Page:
“Reading groups, readings, breakdowns of book sales all tell the same story: when women stop reading, the novel will be dead.”

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So says writer Ian McEwan in this Guardian article. The NPR website currently hosts an op-ed by Eric Wiener entitled “Why Women Read More Than Men” which reports:

Among avid readers surveyed by the AP, the typical woman read nine books in a year, compared with only five for men. Women read more than men in all categories except for history and biography.

That data is apparently based on a survey, the results of which are for sale here. An AP account of the survey is accessible here. Weiner also asserts:

When it comes to fiction, the gender gap is at its widest. Men account for only 20 percent of the fiction market, according to surveys conducted in the U.S., Canada and Britain.

Additionally, Weiner cites Lakshmi Chaudhry’s August 2006 In These Times piece, “Why Hemingway is Chick-Lit” in which Chaudhry says:

… Unlike the gods of the literary establishment who remain predominantly male:both as writers and critics:their humble readers are overwhelmingly female ….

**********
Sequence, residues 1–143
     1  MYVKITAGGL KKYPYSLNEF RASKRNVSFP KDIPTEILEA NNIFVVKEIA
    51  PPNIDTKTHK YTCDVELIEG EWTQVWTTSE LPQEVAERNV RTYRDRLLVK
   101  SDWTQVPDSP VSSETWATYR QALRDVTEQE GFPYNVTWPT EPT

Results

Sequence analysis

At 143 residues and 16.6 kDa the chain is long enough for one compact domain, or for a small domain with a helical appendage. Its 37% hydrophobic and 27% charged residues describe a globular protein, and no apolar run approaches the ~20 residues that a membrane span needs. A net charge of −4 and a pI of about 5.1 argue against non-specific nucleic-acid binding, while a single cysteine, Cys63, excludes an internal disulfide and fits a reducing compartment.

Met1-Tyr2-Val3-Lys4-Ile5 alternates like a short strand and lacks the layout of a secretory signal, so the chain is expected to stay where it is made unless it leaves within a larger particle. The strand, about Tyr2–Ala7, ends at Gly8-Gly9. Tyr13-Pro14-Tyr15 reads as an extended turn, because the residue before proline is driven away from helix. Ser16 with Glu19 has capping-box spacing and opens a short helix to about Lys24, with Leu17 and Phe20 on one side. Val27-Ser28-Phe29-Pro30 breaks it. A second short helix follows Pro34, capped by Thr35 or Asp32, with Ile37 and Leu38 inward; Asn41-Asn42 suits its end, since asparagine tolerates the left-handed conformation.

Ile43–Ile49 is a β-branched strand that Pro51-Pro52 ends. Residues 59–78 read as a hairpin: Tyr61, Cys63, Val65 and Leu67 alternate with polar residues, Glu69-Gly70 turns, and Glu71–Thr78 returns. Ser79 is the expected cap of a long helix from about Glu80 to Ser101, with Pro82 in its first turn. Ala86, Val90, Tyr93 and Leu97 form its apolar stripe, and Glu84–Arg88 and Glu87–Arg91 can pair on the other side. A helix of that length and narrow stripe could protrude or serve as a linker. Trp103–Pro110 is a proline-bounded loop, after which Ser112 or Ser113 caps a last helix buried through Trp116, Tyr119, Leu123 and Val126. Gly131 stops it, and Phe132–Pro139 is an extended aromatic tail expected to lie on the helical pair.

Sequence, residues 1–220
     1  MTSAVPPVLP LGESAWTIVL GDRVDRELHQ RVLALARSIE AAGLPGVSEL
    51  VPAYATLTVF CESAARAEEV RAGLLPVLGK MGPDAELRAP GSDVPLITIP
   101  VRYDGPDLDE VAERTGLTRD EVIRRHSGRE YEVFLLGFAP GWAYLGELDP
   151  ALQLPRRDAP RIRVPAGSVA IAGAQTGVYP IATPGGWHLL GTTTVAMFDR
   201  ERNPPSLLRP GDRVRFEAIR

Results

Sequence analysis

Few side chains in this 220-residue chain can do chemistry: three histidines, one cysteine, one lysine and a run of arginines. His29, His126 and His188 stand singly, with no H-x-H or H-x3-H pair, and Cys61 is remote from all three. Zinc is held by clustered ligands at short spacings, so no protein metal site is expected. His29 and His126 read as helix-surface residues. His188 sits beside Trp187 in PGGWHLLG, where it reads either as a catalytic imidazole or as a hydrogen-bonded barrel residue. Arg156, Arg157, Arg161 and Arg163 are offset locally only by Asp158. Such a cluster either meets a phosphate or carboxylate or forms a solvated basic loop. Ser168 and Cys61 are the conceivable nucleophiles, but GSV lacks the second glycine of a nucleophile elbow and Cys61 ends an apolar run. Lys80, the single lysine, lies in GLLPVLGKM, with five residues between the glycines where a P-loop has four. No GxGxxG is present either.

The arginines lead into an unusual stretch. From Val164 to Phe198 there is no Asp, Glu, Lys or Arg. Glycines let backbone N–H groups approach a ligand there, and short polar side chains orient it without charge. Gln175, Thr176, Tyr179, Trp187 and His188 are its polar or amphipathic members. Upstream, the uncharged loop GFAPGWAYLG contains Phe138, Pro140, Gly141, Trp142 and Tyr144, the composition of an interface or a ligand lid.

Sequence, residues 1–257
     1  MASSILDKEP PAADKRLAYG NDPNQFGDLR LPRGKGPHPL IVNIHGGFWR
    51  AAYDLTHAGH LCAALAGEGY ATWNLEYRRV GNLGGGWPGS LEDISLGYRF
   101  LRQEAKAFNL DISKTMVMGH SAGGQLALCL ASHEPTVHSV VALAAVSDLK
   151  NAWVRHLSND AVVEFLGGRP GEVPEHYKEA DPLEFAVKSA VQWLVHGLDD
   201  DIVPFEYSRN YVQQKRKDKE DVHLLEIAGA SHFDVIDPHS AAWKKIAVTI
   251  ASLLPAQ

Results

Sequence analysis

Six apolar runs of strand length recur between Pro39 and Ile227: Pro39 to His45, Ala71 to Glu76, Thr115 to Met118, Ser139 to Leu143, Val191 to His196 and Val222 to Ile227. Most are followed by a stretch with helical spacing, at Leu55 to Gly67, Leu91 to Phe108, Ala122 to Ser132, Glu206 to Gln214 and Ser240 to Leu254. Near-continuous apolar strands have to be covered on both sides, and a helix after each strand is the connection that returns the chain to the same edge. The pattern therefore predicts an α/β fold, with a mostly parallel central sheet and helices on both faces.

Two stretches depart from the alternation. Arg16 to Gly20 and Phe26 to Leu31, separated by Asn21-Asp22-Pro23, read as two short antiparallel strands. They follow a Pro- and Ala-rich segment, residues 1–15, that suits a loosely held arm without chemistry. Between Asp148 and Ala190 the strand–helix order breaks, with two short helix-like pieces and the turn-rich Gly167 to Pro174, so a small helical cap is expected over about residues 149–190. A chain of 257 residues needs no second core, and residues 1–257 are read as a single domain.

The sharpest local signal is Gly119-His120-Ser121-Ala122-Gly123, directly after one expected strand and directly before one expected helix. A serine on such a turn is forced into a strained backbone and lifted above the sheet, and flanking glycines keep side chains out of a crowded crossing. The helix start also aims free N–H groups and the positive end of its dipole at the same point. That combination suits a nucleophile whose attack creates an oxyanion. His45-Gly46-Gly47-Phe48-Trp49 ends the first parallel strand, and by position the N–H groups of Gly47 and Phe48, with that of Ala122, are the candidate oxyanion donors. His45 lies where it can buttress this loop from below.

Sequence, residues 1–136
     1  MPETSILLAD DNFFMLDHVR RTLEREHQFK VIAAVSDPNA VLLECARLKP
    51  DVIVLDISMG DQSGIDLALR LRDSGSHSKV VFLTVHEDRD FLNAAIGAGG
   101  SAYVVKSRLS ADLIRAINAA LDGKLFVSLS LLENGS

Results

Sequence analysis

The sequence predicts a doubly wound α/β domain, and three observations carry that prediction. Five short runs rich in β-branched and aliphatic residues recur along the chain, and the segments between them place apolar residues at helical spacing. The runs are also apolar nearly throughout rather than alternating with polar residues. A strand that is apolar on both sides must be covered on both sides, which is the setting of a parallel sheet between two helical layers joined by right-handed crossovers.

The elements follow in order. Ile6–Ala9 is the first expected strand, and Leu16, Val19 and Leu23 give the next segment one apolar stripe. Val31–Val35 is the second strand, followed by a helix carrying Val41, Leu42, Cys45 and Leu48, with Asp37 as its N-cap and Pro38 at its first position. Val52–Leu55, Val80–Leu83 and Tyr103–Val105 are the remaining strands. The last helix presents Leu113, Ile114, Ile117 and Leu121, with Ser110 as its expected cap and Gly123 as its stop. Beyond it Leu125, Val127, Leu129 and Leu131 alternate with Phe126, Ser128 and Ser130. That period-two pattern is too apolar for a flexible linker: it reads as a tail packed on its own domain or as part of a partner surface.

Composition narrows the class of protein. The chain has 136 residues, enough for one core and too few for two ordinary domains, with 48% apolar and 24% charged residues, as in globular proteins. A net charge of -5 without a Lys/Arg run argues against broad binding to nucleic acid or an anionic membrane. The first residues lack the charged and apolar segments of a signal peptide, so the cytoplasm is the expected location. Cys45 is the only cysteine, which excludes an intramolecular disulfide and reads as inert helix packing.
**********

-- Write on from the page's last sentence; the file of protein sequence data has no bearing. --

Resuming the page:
… [P]ublishing industry research shows that if”chick-lit”were defined as what women read, the term would have to include most novels, including those considered macho territory. A 2000 survey found that women comprised a greater percentage of readers than men across all genres: Espionage/thriller (69 percent); General (88 percent); Mystery/Detective (86 percent); and even Science Fiction (52 percent). …

Both Chaudhry and Weiner consider “evo psych” explanations for the fiction reading gender gap, which is something Mark Liberman evaluates in a related post at The Language Log.

–Ann Bartow

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